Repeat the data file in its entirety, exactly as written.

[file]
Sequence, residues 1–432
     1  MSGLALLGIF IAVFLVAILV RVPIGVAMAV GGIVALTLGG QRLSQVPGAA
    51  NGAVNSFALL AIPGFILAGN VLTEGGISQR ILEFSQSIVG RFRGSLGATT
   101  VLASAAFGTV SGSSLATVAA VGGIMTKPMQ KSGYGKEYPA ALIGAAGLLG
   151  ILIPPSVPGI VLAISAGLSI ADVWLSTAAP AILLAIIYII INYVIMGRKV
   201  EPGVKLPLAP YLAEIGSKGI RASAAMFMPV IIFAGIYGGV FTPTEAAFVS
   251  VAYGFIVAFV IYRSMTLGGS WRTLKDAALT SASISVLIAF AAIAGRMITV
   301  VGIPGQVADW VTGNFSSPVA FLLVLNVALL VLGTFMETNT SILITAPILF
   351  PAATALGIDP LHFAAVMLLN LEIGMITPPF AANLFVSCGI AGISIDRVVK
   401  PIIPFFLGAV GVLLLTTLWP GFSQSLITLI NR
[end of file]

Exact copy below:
Sequence, residues 1–432
     1  MSGLALLGIF IAVFLVAILV RVPIGVAMAV GGIVALTLGG QRLSQVPGAA
    51  NGAVNSFALL AIPGFILAGN VLTEGGISQR ILEFSQSIVG RFRGSLGATT
   101  VLASAAFGTV SGSSLATVAA VGGIMTKPMQ KSGYGKEYPA ALIGAAGLLG
   151  ILIPPSVPGI VLAISAGLSI ADVWLSTAAP AILLAIIYII INYVIMGRKV
   201  EPGVKLPLAP YLAEIGSKGI RASAAMFMPV IIFAGIYGGV FTPTEAAFVS
   251  VAYGFIVAFV IYRSMTLGGS WRTLKDAALT SASISVLIAF AAIAGRMITV
   301  VGIPGQVADW VTGNFSSPVA FLLVLNVALL VLGTFMETNT SILITAPILF
   351  PAATALGIDP LHFAAVMLLN LEIGMITPPF AANLFVSCGI AGISIDRVVK
   401  PIIPFFLGAV GVLLLTTLWP GFSQSLITLI NR